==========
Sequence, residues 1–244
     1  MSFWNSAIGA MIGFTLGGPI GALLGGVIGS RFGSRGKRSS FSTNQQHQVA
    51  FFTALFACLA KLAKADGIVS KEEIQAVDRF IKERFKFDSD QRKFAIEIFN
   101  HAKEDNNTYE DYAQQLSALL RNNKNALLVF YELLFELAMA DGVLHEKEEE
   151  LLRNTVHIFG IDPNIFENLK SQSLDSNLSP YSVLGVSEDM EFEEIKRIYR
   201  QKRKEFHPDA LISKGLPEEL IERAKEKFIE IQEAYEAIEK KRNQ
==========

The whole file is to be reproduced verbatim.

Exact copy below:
Sequence, residues 1–244
     1  MSFWNSAIGA MIGFTLGGPI GALLGGVIGS RFGSRGKRSS FSTNQQHQVA
    51  FFTALFACLA KLAKADGIVS KEEIQAVDRF IKERFKFDSD QRKFAIEIFN
   101  HAKEDNNTYE DYAQQLSALL RNNKNALLVF YELLFELAMA DGVLHEKEEE
   151  LLRNTVHIFG IDPNIFENLK SQSLDSNLSP YSVLGVSEDM EFEEIKRIYR
   201  QKRKEFHPDA LISKGLPEEL IERAKEKFIE IQEAYEAIEK KRNQ